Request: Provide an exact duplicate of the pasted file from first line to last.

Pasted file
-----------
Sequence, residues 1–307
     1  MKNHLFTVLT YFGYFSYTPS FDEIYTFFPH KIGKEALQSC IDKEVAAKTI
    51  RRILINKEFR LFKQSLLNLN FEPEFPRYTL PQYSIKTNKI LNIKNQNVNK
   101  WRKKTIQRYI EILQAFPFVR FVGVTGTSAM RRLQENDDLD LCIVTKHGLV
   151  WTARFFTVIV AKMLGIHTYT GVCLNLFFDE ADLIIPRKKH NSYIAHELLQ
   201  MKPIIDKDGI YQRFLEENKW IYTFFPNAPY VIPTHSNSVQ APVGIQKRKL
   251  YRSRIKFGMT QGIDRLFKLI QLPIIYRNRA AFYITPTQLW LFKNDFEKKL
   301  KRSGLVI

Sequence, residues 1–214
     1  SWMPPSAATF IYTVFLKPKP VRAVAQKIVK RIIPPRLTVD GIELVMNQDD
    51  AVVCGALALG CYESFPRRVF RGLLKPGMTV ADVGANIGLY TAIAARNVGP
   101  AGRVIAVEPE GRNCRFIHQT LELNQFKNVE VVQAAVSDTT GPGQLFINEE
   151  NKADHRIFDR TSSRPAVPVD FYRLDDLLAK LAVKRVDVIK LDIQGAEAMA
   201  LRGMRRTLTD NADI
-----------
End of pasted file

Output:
Sequence, residues 1–307
     1  MKNHLFTVLT YFGYFSYTPS FDEIYTFFPH KIGKEALQSC IDKEVAAKTI
    51  RRILINKEFR LFKQSLLNLN FEPEFPRYTL PQYSIKTNKI LNIKNQNVNK
   101  WRKKTIQRYI EILQAFPFVR FVGVTGTSAM RRLQENDDLD LCIVTKHGLV
   151  WTARFFTVIV AKMLGIHTYT GVCLNLFFDE ADLIIPRKKH NSYIAHELLQ
   201  MKPIIDKDGI YQRFLEENKW IYTFFPNAPY VIPTHSNSVQ APVGIQKRKL
   251  YRSRIKFGMT QGIDRLFKLI QLPIIYRNRA AFYITPTQLW LFKNDFEKKL
   301  KRSGLVI

Sequence, residues 1–214
     1  SWMPPSAATF IYTVFLKPKP VRAVAQKIVK RIIPPRLTVD GIELVMNQDD
    51  AVVCGALALG CYESFPRRVF RGLLKPGMTV ADVGANIGLY TAIAARNVGP
   101  AGRVIAVEPE GRNCRFIHQT LELNQFKNVE VVQAAVSDTT GPGQLFINEE
   151  NKADHRIFDR TSSRPAVPVD FYRLDDLLAK LAVKRVDVIK LDIQGAEAMA
   201  LRGMRRTLTD NADI